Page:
• Known targets of interest within FOV: Eta Carinae Nebula (Carina Nebula), Alpha Crucis (Acrux), Hadar (Beta Centauri), Large Magellanic Cloud, Mimosa (Beta Crucis)
      • Note: there is a transient artifact filter function that can remove unwanted streaks from energetic particles prior to downloading.
    • Wide FOV Imager:
      • For Lunar Sky: selectable long exposure bracket of 3 repeats.
      • For Lunar Landscape: selectable wide exposure range brackets of 8 exposure time values.
        • Known targets of interest within FOV: Milky Way Galaxy rising from lunar horizon.


1. Her Royal Highness Princess Maha Chakri Sirindhorn / Thailand 6. Christian Veillet / Large Binocular Telescope Observatory, Arizona, USA
2. Gilles Leclerc / Canadensys Aerospace Corp., Canada 7. R. Pierre Martin / University of Hawai’i at Hilo, USA
3. Suijian Xue / NAOC-CAS, China 8. Leinani Lozi / ILOA Cultural Astronomer, Hawai’i, USA
4. Dante Minniti / Universidad Andrés Bello, Chile 9. Bernard Foing / Leiden University, Netherlands
5. Bodo Ziegler / University of Wien, Austria 10. Margarita Safonova / Indian Institute of Astrophysics, India

Suggestions from Invited Observations:

  • Close binary systems, and variable stars.
  • Images of the MWG and Solar System planets.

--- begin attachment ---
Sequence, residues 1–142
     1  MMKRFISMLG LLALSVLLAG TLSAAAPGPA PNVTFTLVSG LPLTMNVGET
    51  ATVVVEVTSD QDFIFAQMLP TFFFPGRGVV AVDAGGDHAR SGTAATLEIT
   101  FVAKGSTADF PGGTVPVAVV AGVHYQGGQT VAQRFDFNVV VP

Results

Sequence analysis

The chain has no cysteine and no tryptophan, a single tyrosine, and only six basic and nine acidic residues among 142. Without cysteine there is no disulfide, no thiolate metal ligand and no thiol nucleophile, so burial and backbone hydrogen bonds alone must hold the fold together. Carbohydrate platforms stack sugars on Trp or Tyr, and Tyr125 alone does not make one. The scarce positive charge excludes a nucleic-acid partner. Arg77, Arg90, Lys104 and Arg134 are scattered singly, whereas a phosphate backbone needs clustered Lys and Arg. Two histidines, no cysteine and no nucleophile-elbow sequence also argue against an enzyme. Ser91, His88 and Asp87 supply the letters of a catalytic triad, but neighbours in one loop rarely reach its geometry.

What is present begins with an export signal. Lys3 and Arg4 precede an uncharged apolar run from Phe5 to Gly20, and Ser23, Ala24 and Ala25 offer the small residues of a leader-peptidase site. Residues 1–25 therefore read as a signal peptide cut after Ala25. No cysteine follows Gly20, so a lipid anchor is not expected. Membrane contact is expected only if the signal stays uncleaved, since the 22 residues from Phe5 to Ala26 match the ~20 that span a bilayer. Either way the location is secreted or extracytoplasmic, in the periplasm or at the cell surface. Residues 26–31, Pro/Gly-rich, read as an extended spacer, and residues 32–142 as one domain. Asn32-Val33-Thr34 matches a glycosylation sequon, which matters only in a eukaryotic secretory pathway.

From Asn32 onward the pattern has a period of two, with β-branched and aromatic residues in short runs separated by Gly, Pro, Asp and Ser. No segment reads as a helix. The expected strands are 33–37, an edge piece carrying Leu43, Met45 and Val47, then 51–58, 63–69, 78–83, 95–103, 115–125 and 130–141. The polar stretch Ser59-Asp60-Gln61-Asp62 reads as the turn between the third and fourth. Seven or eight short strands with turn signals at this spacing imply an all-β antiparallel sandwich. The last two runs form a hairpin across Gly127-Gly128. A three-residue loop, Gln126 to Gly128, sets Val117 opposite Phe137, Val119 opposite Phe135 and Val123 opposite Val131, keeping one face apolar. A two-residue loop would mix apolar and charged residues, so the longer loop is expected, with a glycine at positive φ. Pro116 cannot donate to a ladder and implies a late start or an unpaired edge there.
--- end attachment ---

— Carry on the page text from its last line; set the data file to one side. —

• Nearby clusters of galaxies (such as Virgo or Coma).
  • Magellanic Clouds (Note: may not visible with current ILO-X pointing angle).
  • The most distant object we can see with the naked eye (i.e. Andromeda Galaxy / M31); (Note: may not be visible above lunar horizon during current landing window).
  • Comet 12P/Pons-Brooks.
  • Image lunar landscape and compare it to Mauna Kea as analog with emphasis on H2O effects on regolith / lava.
  • Comparison of astronomical seeing/ light-gathering which ILO-X is able to achieve on Moon to its performance on Earth, and to other telescopes including Lana'i 1-m telescope used by Ohana Kilo Hoku group.


  • Technology validation for astronomy from the Moon.
  • Add to global data sets of lunar astrophysics; for example, experience with lunar data from Chang’E-3 Lunar Ultraviolet Telescope (LUT) may provide salient insight.
  • Interactions between ILOA lunar astronomy and other Hawai’i-based astronomy organizations, particularly Mauna Kea Observatories.
  • Characterize the performance of the ILO-X cameras on the lunar surface, as their temperatures vary due to synodic rotation period.
  • Characterize the effects of any lunar dust contamination on the ILO-X camera lenses.
  • Compare lunar surface images for potential micrometeoroid impacts or changes.


[1] Kepler, J., (1634), Somnium, seu opus posthumum astronomia lunari. [2] Carruthers, G. R. and Page, T. (1972) Science, 177, 788-791. [3] ESA (1997) Technical Report ESA SCI(97)2. [4] Murthy, D. L. and Vondrak, R. R. (1993) Lunar and Planetary Institute Science Conference Abstracts, 24, 1033.

Thanks to Intuitive Machines, ILOA Lunar Astronomer Consultant Chien-Hsiu Lee, Canadensys Aerospace Corporation: Christian Sallaberger, Frank Teti, John Hackett, Janine Newhook, Josh Newman, Don McTavish, Kieran Carroll, et al